By moderator July 10, 2019 10:38

The Big Picture – DNA Technology Bill

The DNA Technology Regulation Bill, which seeks to control the use of DNA technology for establishing the identity of a person, was introduced in the Lok Sabha on Monday amid questions being raised by opposition parties on its provisions. A similar bill was passed in Lok Sabha in January but it could not be cleared in the Rajya Sabha. The bill had then lapsed with the dissolution of the previous Lok Sabha. The proposed law, which has been in the making since at least 2003, is the third attempt by the government to enact a law to regulate the use of DNA technology in the country after an earlier version of the Bill had been finalized in 2015 but could not be introduced in parliament. The congress was against the introduction of the bill, raising privacy and other concerns. The Minister for science and technology Dr. Harsh Vardhan, who introduced the Bill, however, rejected the concerns raised by the opposition saying there is “no serious substance”.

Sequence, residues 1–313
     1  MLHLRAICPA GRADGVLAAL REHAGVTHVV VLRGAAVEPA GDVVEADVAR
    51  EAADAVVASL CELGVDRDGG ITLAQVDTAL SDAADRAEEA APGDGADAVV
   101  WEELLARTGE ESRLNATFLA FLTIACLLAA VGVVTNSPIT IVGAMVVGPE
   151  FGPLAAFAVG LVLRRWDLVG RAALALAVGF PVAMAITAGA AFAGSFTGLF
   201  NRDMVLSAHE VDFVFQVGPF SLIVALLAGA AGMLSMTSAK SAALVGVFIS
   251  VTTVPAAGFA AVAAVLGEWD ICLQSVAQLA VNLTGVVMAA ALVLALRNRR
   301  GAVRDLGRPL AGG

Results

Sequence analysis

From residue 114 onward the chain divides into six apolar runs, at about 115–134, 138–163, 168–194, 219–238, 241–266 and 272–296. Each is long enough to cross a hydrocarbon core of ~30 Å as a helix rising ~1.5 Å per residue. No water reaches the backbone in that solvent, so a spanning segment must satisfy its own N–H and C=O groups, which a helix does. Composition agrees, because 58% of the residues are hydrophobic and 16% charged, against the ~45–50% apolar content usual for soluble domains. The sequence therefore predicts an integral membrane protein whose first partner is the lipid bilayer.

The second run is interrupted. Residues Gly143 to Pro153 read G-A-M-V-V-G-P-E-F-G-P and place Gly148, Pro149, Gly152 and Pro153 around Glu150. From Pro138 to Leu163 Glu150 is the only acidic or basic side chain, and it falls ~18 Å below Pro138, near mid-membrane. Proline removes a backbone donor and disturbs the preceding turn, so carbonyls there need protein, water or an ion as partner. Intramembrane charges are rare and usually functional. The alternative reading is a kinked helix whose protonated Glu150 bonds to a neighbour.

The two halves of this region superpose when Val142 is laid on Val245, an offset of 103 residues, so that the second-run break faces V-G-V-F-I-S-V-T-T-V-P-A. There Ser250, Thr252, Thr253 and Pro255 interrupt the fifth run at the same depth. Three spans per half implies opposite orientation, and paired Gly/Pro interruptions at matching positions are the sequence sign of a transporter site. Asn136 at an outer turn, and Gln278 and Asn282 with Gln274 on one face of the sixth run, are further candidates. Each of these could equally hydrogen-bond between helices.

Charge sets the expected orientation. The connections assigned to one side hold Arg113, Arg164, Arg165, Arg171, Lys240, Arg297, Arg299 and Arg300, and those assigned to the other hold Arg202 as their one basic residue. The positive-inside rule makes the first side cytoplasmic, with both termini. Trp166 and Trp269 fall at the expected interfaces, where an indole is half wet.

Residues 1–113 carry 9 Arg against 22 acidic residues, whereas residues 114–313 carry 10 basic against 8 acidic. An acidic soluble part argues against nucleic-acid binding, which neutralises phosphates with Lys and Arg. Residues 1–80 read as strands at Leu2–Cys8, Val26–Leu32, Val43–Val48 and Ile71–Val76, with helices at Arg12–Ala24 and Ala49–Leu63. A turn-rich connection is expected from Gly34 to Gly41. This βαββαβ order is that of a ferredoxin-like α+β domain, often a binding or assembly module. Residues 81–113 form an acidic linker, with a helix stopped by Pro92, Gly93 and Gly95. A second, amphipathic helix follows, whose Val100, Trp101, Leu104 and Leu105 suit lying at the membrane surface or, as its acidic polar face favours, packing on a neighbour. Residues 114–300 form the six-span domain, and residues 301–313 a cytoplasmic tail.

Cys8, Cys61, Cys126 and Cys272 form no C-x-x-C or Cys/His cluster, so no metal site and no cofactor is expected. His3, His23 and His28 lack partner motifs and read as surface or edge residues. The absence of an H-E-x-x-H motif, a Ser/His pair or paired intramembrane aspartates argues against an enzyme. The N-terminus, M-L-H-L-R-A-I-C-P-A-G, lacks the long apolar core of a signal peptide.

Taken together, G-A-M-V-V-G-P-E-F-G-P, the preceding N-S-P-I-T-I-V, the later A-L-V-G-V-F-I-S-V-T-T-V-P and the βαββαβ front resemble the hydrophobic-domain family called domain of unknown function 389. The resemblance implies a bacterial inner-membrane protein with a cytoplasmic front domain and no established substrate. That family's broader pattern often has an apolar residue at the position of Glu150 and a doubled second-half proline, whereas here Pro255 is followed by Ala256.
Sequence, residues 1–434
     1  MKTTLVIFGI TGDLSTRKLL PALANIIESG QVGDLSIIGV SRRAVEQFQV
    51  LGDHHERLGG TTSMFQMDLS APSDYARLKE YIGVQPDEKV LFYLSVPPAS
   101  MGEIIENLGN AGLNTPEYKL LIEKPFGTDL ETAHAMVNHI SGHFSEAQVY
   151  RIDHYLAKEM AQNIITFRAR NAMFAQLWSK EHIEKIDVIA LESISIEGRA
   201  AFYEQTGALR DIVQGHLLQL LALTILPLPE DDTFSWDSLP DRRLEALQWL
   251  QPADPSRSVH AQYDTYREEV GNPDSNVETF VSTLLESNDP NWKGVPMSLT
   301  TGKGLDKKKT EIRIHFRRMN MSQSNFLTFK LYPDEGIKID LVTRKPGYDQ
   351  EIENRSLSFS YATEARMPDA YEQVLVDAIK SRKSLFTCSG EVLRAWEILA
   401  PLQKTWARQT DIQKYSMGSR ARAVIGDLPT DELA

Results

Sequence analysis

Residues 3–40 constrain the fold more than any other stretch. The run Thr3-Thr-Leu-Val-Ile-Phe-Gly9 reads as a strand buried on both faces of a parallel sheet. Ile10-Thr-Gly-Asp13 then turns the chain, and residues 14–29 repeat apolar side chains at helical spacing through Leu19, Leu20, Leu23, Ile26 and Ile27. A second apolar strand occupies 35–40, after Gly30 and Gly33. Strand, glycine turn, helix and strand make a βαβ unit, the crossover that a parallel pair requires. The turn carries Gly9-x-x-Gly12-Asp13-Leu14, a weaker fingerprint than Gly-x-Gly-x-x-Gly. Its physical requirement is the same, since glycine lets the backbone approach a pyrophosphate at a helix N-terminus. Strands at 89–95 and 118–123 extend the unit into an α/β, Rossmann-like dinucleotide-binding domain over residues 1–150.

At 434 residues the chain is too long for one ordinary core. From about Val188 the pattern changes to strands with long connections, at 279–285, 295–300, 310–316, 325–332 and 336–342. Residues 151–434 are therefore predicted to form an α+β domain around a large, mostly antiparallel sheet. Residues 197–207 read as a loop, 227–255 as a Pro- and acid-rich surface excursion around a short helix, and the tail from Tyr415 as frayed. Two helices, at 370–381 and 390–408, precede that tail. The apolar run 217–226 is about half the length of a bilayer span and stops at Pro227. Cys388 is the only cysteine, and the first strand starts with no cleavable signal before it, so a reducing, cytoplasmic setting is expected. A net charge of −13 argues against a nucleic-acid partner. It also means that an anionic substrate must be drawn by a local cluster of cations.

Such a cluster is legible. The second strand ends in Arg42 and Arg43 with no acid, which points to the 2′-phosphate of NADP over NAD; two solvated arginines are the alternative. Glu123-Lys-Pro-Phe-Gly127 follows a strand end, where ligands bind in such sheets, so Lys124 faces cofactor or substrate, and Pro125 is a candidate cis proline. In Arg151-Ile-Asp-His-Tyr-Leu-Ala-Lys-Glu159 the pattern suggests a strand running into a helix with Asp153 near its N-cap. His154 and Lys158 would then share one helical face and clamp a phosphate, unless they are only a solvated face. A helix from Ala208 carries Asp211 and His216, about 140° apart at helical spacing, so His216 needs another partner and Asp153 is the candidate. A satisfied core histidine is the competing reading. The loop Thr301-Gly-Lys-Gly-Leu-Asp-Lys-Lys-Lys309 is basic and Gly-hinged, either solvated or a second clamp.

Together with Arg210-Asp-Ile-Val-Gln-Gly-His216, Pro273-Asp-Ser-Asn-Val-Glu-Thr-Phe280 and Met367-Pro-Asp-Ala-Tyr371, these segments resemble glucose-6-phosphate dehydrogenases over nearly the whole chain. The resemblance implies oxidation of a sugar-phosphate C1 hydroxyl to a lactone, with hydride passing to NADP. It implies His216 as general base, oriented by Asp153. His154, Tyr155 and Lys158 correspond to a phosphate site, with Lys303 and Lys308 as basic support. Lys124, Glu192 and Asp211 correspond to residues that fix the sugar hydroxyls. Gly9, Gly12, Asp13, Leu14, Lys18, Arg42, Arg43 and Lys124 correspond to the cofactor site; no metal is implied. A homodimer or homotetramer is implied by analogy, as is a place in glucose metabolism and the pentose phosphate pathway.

What is the bill about?

  • It is trying to establish a regulatory framework for the usage of DNA information.
  • It establishes authorities at the central and the state level for keeping the DNA information.
  • The Bill also specifies what kinds of DNA information can be stored in the form of different indexes like DNA of undertrials, suspects, missing persons, etc.
  • It also establishes a regulatory board which among other things would have the powers to authorize laboratories across the country to collect DNA information.
  • The bill also provides a framework for the collection and removal of DNA information.